# I don't get how the following expression gets simplified

• 06-05-2009
Overworked_PhD
I don't get how the following expression gets simplified
I was told the following
Code:

if ( (a && b) || (!a && !b) )
was equivalent to

Code:

if(!!a == !!b)
Can someone explain to me how they arrive at this answer? I really don't see the steps involved.
• 06-05-2009
brewbuck
Quote:

Originally Posted by Overworked_PhD
I was told the following
Code:

if ( (a && b) || (!a && !b) )
was equivalent to

Code:

if(!!a == !!b)
Can someone explain to me how they arrive at this answer? I really don't see the steps involved.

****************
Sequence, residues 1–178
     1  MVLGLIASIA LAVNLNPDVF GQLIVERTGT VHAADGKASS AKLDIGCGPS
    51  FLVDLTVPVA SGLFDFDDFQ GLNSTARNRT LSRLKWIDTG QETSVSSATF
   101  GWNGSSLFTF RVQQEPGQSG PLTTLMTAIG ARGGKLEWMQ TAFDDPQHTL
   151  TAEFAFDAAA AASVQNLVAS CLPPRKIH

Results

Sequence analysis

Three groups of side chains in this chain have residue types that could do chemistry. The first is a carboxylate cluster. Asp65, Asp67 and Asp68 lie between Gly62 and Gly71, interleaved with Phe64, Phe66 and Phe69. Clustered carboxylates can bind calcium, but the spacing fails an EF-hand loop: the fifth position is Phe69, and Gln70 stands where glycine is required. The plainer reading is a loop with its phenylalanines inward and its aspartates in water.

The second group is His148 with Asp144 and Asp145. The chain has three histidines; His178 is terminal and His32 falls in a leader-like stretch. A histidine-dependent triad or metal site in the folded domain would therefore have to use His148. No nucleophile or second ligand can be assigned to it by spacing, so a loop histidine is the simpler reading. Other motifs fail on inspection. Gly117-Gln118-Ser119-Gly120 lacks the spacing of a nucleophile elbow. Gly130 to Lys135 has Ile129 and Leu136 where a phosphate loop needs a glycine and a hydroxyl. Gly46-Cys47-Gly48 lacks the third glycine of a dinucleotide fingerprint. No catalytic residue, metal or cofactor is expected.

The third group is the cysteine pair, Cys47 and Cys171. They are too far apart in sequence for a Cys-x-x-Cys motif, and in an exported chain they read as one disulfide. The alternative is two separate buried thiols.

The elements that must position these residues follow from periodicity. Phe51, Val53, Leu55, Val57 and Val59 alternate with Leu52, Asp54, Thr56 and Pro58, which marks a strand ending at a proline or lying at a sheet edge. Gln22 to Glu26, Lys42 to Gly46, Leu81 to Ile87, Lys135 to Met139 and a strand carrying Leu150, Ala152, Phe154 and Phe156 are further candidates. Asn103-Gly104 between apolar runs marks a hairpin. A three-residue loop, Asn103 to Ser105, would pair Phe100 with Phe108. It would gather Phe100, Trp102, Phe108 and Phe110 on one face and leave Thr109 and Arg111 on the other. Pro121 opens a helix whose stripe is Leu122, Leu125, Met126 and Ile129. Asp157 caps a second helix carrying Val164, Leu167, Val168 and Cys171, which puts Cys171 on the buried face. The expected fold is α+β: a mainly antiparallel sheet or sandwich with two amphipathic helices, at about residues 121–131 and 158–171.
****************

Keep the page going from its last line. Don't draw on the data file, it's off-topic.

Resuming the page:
The first expression evaluates to true if both a and b are true, or if neither a nor b are true. Since any non-zero value is true, then you cannot just condense this to "a == b". But if you double-negate, then a true value negates to zero, then negates to one, and then the comparison will work.

If only we had a logical XOR (as opposed to bitwise), we could say:

Code:

if( ! ( a ^^ b ) )
But alas we don't.
• 06-05-2009
Overworked_PhD
Okay. I get it.
• 06-05-2009
Sebastiani
It could be further simplified to either:

!a == !b

- or -

!( !a ^ !b )
• 06-05-2009
matsp
Quote:

Originally Posted by Sebastiani
It could be further simplified to either:

!a == !b

- or -

!( !a ^ !b )

The first one is going to be the faster of those two, I'm pretty sure.

--
Mats